Cabernet Sauvignon. The King of Grapes. British author, Jancis Robinson, suggests that, despite its lower yields, its popularity may rest on the ease with which it can be grown, its ability to withstand cold winters due to its hard wood, its late budding which can reduce the risk of frost damage, its general resistance to disease, its thick-skinned ability to withstand heavy rains, and ultimately its “artistic concentration of blackcurrants and cedarwood.”
Since the early 19th century and on, it has been planted around the world with great success. It is the main grape in ‘Claret’, the British name for the Bordeaux wines grown in the Médoc and Graves regions of France, and it is the red grape of California’s Napa Valley.
In Napa, currently considered America’s best region for Cabernet Sauvignon, the grape commands in excess of $6,000 per ton at harvest. In contrast, the next most expensive grape there is Chardonnay, and it commands less than half that dollar figure. Further, the average price for Cabernet Sauvignon throughout all of California, is less than $1500 per ton, as of 2015 - it is easy to understand why Napa Valley Cabernet Sauvignons are so expensive, all in all.
I have read that, in general, a Napa winemaker has to sell his Cabs for at least $40 per bottle just to break even. In recent reviews by the Wine Spectator, of hundreds of Napa Cabernets, only a handful were priced at $40 or less, while the average, I am sure, would easily be in the $100 area.
That probably explains why, on the November 26 Vintages release as we approach Christmas, the LCBO is trying to tempt us with a number of expensive options, including Shafer One Point Five Cabernet Sauvignon 2013, $139.95, Beringer Private within our grasp.Reserve Cabernet Sauvignon 2012, $166.95, and Far Niente Estate Cabernet Sauvignon 2013, $244.95. All are assessed by Robert Parker Jr. at 94 points, and more! (If interested, speak with your product consultant by Monday to put in an order.)
However, as much as wines like these may be far beyond the reasonable reach of most of us, there remains within our grasp a wealth of quite wonderful and affordable Cabernets. Looking at the list of Limited Time Offers in effect until November 27, there are some beauties, all on the regular list.
My first choice personally is Chile’s Santa Rita Medalla Real Gran Reserva Cabernet Sauvignon 2012, just $14.95, a savings of $2, and a steal even at its regular price. It has great depth of flavour, suggesting cassis, cedar, and mocha. It is elegant, with ample but not overwhelming tannins.
Argentina’s Dona Paula Estate Cabernet Sauvignon 2015, $3 off at $13.95, is earthy and intense with tart cherry and sweet blackcurrant coming in easy and then wrapping you up in a soft web of tannins. It invites food, say sharp cheeses, or roasted meats.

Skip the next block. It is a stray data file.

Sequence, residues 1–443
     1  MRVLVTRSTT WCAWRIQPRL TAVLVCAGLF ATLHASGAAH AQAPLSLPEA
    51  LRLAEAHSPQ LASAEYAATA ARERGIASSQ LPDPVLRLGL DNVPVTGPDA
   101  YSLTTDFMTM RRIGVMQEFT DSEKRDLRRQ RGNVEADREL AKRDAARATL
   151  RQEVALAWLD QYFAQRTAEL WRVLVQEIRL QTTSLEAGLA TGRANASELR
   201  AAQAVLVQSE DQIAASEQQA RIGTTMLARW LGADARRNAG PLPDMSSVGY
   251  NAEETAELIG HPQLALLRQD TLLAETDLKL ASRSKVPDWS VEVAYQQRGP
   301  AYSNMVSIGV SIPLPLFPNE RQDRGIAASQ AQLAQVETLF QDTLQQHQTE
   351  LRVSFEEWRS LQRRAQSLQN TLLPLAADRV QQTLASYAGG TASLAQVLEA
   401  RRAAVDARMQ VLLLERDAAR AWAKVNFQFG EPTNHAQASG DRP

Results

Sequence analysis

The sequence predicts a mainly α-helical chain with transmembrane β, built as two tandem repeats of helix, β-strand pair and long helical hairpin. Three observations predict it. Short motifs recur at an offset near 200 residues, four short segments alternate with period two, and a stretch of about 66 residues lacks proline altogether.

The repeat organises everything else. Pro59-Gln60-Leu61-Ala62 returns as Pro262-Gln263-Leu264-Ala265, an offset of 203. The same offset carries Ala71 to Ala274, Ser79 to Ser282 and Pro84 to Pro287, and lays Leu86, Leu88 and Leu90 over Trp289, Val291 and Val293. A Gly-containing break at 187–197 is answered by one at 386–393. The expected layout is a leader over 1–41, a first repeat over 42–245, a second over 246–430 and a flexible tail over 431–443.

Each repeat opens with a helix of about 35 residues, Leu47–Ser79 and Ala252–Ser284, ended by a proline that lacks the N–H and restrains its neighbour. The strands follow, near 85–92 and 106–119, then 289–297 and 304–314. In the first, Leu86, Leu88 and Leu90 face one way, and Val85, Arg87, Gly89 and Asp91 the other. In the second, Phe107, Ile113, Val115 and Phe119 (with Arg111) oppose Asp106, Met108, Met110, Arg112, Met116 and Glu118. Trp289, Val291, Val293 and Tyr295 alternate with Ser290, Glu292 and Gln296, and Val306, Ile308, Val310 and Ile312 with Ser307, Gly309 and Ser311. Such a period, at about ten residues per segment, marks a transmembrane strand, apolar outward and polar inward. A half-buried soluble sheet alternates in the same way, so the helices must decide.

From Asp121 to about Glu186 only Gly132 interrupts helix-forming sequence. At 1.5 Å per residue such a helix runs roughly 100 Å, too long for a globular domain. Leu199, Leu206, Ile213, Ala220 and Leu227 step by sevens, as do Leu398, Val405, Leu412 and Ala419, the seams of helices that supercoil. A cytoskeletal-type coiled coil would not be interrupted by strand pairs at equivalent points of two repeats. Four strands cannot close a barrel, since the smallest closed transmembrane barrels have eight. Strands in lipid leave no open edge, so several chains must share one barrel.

From Hopland California, a couple of hours north of San Francisco, we get Josh Cellars Cabernet Sauvignon 2014,normally $17.95, and now $16.45. It has a light entry, with expanding flavours of red fruit and blueberry. It is sneaky soft, building sip by sip to make and emphatic and pleasing impression.
From South Africa’s Stellenbosch comes Helderberg Cabernet Sauvignon, $2 off at just $10.95. Unfortunately, it is not on the shelves in the Sault, North Bay or Timmins, but it can be ordered on-line through LCBO.com, and it would be well worth it. The emphasis here seems to be on dried fruit and some herbaceous notes - I have seen rosemary suggested – but it is plush, smooth and very satisfying.
A little lighter in colour and more lifted in flavour is Nederburg The Winemakers Cabernet Sauvignon 2014, $11.95. (its regular price!) There is good substance here, with a light entry similar to the Josh, and red berry fruit along with the suggestion of tobacco. Tannins come through in a good way on the finish and confirm this inexpensive example as a very good wine, indeed.
With an “old-timey” label featuring Dr. John Lindeman replete with resplendent white mustache and mutton-chops,Lindemans Gentelman Collection Cabernet Sauvignon 2015, $2 off at $15.95, is an intriguing Australian offering. It bears a phrase, “A guide to chivalry and integrity” and states rule # 4, “Never Upstage”. I can’t guarantee that the wine won’t do that, as it is one of the smoothest of the lot, with certainly the sweetest fruit – though only 8 grams per litre of residual sugar. Where the ‘upstaging’ may come in is with the revelation that it contains ”a dash of fortified wine” which would certainly serve to enrich the flavours. This one is far too easy to drink!
On the 26th release, Chateau de Panigon 2010, $19.95, is a solid Médoc based on Cabernet Sauvignon which has earned 90 and better from erobertparker.com and Decanter. It has a drinking window from now to 2020, and it is pure, focused and long according to critic Neal Martin.